Marcus Clarke’s Hell on Earth

From Marcus Clarke, ‘Preface to Gordon’s Poems‘ (1876), in John Barnes (ed.), The Writer in Australia (Oxford, 1969), pg. 35.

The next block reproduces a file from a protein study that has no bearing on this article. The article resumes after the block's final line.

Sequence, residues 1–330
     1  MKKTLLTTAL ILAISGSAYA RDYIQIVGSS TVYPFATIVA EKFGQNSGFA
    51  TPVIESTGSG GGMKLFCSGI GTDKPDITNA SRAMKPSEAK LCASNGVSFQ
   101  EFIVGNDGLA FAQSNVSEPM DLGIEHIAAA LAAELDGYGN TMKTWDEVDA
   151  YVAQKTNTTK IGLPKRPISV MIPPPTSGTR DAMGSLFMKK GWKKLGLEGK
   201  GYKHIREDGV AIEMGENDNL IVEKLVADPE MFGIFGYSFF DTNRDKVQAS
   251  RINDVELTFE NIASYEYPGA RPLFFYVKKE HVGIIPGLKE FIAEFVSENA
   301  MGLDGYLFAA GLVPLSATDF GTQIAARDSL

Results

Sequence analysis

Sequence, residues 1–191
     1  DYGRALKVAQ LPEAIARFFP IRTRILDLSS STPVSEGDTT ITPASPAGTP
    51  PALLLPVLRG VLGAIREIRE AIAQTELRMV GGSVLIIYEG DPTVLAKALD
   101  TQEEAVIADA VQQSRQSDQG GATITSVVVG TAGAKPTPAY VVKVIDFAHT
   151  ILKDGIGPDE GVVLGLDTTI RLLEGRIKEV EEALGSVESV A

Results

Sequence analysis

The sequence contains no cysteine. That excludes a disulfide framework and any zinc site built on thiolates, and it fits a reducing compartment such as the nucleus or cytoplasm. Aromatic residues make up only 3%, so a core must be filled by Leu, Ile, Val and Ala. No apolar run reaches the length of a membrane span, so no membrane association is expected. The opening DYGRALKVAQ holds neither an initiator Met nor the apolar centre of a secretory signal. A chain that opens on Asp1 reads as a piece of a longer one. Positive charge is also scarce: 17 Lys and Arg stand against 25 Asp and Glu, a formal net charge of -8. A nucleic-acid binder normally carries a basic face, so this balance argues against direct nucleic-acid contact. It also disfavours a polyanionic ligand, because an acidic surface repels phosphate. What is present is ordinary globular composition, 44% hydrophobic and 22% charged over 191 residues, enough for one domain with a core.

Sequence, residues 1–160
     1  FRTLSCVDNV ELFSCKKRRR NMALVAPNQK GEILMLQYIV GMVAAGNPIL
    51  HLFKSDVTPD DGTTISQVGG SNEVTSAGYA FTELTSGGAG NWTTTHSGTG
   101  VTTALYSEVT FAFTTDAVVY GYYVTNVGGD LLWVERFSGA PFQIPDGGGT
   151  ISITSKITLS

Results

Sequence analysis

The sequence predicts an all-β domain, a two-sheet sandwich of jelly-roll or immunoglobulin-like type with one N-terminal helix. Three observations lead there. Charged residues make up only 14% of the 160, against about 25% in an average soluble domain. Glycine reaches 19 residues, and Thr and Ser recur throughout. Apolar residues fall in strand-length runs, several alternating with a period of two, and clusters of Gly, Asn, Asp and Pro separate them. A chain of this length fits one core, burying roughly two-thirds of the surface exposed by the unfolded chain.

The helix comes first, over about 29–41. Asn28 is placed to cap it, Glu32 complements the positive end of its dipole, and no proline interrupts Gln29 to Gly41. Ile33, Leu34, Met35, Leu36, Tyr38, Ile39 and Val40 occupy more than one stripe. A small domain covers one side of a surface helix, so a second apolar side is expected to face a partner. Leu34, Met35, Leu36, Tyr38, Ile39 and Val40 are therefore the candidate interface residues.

The Australian mountain forests are funereal, secret, stern. Their solitude is desolation. They seem to stifle, in their black gorges, a story of sullen despair. No tender sentiment is nourished in their shade. In other lands the dying year is morned, the falling leaves drop lightly on his bier. In the Australian forest no leaves fall. The savage winds shout among the rock clefts. From the melancholy gum strips of white bark hang and rustle. The very animal life of these frowning hills is either grotesque or ghostly. Great grey kangaroos hop noiselessly over the coarse grass. Flights of white cockatoos stream out, shrieking like evil souls. The sun suddenly sinks, and the mopokes burst out into horrible peals of semi-human laughter. The natives aver that, when night comes, from out the bottomless depth of some lagoon the Bunyip rises, and in form like monstrous sea-calf, drags his loathsome length from out the ooze. From a corner of the silent forest rises a dismal chant, and around a fire dance natives painted like skeletons. All is fear-inspiring and gloomy. No bright fancies are linked with the memories of the mountains. Hopeless explorers have named them out of their sufferings – Mount Micery, Mount Dreadful, Mount Despair.

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